Heat loss through windows and openings represents 19% of the overall loss in a traditional flat and 11% in a detached house.
Historic windows with original glass should be retained, overhauled (timber may have distorted over a period of time), cleaned and fitted with concealed draught-proofing, instead of being replaced with modern double glazing. If the historic fabric is beyond repair or has been altered in the past, windows may be replaced subject to LBC.
Original crown glass is characterised by curved and bellied waves often visible in individual panes when viewed in sunlight. As it is no longer produced, historic crown glass should be maintained and preserved.
Well maintained timber windows can be repaired to last hundreds of years and be re-used at the end of their lifetime. Window frames should be made of sustainably sourced timber instead of U-PVC or other materials high in embodied energy. U-PVC frames spoil the building’s authentic character, are not able to be repaired and are difficult to recycle.
Reinstating wooden shutters in their original location is a surprisingly cost-effective solution, especially if you close them at night and when the room is not in use. Additionally, it enhances the historic character of your home.
On the upper floor, the windows with the shutters closed show up in the thermal image in a deep blue colour, demonstrating how little heat is escaping.
With secondary glazing systems, a second window pane is added to the existing window.
Secondary glazing can reduce the heat loss to 50% and will also reduce noise. It is more heritage friendly than replacing windows with double-glazing and is as energy efficient as most types of slim-line double glazing.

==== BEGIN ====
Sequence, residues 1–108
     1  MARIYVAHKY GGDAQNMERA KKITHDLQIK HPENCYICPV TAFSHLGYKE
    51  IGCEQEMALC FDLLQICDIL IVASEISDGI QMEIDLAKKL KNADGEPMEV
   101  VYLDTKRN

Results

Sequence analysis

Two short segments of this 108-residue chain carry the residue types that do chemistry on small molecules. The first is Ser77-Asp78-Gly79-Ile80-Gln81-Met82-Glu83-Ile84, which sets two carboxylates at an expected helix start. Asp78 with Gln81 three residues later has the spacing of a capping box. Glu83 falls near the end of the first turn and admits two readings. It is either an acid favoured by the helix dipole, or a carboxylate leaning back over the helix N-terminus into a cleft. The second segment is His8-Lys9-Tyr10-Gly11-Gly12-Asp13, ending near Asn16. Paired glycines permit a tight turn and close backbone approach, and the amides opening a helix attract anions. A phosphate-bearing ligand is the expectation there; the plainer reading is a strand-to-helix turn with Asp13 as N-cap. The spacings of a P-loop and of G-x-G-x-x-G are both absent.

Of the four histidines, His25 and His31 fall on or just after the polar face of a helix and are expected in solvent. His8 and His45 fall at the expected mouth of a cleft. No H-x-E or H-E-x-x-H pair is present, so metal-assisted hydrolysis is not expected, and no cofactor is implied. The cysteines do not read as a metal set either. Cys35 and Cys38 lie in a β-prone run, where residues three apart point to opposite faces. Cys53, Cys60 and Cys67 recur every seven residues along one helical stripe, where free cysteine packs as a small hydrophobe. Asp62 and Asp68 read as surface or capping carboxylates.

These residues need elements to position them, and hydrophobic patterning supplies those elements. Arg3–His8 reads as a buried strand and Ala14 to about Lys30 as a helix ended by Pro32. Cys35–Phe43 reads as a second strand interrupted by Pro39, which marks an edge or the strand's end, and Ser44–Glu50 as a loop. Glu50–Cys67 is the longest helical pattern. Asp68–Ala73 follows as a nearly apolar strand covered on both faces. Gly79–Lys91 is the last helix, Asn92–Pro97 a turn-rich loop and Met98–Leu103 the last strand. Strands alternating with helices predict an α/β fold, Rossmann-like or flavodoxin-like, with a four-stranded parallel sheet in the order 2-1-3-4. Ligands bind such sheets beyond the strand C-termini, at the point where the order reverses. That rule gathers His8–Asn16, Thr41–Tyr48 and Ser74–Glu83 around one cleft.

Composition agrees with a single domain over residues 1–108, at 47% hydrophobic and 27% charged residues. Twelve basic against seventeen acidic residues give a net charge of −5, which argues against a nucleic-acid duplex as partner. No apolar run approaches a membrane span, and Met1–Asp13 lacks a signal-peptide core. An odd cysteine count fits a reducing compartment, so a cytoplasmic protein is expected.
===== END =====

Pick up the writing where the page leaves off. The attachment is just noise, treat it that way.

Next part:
In certain cases, it may require LBC and might also make regular maintenance and cleaning more difficult.
Best solution: mount a vertical sliding secondary glazing on the inner face of the sash & case window. The frame should be similar in size to the slim frame of the existing window to obtain a very discreet installation. It also allows shutters, where they exist or could be retrofitted, to operate.
In Edinburgh, the use of double glazing is not permitted in listed buildings, although in certain cases the slim-profile system may be acceptable, but still requires LBC.
In terms of energy efficiency, slim-line systems are comparable to single glazed units with secondary glazing added. The gap between the two panes is very small and the profile should replicate the exact window details including the astragals and mouldings, in order to match the original historic features.